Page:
We specialize in representing US, European and LatAm-based companies in discussions with US and International buyers. I am the co-founder of the largest Internet business accelerator in LatAm (www.NXTPLabs.com) and have successfully represented the seller in 8 such transactions in the past 24 months.

Let me know if you need guidance.

jh


Answered 4 years ago

You have two main sections to consider on this valuation:-
First Section: your company value:-
Here you need to value your company as per the free cash flow basic. This will be your start point.
Also, your performance versus the competitor, and cash flow to equity invested. Also if the company has debt or no.

The lower you go for your WACC the better.

You need to also emphasis on growth opportunities by showing market acquisitions you had since you started the company till now, and the future opportunities for growth.

Another thing to consider, is the value of similar competitiors in the same market , with similar average size or scope of work. As these companies , already have an older history , so their cash flow can be used to predict your future cash flow more precisely.

Other items that can raise the value of your company is the number of PhDs you have in your company , if you have an R&D department / expenditure , if you filed a patent on something your company works on, like a special data mining algorithm or something. These will be valued with options valuation techniques.

Second Section: the value added to the acquirer after this acquisition. Your acquisition should add an extra value to the other company as well..
So 1 + 1 = 3 not 2.
You need to reflect how your acquisition will affect the operational efficiency in the other company ( if it does ) , or increasing its cash flow / sales . Also increasing the working capital for the other company , as lots of solid assets may not be needed, like relocating offices to their buildings. Also using the acquirer company departments, like financial department , HR department..etc., for both companies, will enlarge the scale of work , maximise expertise, and also decrease the running cost relatively. This added value in the acquisition should be counted as well in your company value.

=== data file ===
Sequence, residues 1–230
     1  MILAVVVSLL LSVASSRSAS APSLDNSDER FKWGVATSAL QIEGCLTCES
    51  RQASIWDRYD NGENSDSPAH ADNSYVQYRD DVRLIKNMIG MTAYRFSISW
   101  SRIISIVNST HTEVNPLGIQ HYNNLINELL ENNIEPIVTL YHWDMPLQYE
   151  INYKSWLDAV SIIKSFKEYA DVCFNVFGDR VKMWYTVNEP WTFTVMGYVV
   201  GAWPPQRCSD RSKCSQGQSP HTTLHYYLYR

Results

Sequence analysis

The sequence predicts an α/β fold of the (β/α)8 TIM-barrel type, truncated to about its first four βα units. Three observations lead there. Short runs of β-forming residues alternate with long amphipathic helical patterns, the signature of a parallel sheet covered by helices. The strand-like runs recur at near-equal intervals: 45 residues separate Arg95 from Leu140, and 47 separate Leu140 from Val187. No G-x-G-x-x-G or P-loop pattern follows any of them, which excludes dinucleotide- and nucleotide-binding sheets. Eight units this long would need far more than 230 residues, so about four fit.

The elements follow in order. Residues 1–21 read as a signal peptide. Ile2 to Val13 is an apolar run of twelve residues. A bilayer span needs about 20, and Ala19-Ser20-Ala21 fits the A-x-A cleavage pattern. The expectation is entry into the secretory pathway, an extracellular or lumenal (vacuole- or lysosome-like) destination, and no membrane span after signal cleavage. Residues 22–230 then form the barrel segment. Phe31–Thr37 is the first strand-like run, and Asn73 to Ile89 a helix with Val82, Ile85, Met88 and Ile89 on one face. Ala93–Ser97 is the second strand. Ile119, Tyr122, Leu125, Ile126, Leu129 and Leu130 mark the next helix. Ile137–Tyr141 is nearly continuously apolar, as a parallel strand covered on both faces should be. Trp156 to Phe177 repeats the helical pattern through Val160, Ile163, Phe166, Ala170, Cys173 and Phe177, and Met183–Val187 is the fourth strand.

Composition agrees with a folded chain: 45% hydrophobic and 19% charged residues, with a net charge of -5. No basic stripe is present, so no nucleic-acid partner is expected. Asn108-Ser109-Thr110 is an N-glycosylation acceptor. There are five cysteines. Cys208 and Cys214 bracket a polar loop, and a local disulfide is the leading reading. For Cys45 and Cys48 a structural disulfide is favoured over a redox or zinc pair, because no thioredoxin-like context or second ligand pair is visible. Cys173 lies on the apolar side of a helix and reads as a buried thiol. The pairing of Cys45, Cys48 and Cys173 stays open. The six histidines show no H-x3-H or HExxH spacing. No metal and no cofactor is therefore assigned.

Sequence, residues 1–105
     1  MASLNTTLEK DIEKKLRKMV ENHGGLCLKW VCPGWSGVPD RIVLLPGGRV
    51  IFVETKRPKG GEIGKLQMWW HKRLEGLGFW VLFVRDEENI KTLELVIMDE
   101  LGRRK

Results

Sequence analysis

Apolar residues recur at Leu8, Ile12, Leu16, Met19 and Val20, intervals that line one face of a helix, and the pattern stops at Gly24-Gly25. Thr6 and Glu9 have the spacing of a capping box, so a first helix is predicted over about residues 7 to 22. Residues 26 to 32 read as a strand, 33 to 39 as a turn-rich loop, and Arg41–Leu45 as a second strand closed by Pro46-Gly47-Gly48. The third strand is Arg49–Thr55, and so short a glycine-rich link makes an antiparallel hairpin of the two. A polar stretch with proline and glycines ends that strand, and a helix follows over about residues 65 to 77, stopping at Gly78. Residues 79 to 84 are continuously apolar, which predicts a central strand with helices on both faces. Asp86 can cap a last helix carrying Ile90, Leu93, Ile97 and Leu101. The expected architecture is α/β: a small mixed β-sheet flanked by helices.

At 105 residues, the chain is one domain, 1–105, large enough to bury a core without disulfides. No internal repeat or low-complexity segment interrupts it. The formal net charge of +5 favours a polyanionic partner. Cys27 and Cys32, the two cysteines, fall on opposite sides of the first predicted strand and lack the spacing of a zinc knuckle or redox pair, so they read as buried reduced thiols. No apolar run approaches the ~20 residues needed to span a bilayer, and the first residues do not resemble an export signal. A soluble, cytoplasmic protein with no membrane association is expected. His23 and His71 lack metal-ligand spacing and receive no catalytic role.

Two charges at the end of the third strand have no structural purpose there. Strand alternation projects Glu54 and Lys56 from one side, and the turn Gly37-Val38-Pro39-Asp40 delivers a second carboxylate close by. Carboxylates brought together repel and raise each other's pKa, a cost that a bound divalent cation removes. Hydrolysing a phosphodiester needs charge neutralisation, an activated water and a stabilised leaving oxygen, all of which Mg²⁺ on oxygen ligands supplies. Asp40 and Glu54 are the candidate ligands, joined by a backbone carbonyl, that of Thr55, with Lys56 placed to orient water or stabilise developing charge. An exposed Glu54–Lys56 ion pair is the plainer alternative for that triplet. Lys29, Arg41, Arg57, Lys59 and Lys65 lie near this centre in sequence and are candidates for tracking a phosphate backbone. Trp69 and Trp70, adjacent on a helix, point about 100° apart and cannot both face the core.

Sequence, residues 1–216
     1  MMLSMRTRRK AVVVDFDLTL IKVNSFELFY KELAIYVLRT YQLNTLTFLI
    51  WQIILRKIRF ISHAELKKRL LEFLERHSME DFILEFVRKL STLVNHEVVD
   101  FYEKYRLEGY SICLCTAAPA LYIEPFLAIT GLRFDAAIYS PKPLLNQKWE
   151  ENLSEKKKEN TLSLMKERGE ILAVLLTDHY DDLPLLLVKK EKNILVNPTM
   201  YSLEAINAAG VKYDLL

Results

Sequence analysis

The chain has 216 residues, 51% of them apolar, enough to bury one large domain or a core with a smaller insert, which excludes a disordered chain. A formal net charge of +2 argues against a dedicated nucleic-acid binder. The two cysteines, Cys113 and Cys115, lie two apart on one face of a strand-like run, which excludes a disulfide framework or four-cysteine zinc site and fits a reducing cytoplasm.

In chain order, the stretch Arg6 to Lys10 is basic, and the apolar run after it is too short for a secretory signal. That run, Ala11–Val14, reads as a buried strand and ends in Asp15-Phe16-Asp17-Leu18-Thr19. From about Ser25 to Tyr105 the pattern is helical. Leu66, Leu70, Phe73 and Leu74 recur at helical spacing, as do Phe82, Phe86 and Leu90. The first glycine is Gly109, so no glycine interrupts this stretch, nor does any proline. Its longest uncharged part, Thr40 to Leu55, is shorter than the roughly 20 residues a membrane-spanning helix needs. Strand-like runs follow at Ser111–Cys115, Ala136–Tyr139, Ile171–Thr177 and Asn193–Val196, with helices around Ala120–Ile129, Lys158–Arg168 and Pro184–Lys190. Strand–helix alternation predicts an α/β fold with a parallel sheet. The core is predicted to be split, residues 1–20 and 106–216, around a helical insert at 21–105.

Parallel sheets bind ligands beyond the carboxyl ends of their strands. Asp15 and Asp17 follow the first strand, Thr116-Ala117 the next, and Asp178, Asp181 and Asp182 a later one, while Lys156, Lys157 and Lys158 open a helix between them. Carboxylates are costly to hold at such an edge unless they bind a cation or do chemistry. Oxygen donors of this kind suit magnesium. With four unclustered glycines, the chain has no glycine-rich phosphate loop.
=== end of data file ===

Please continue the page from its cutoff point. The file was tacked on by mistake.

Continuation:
Let me know if you have more questions.

Good Luck !


Answered 4 years ago

Agree with a lot of the comments already made. Here is my take.

How much will they pay? As mentioned, this will depend on not only the value you are generating today but how much value will your business provide when combined with theirs. It could also help if there is another business willing to buy your business. It may pay to find another potential buyer as it can ratchet up your business value quite alot.

At such an early stage multiples mean very little. It all depends on how much you are willing to sell it for. If this number is worlds apart from what they are willing to pay then its probably not worth wasting time discussing further. The amount can be affected by the terms of the deal. For example, whether its all cash or you earn equity in the merged company as well. If the latter potential upside could be significant so you dont necessarily need to get the big number up front. This model has many pros and cons and requires a lot of advice on contract terms particularly regarding control and commitment to investment.

Finally there was a recent acquisition I am aware of where the seller worked out a valuation based on how the buyer's company was valued. This is easy if the buying company is public, not so easy if the company is private and hasn't had any recent investment. But if possible and favourable it could be a great metric to use.

Hope that helps and feel free to call me to discuss further.


Answered 4 years ago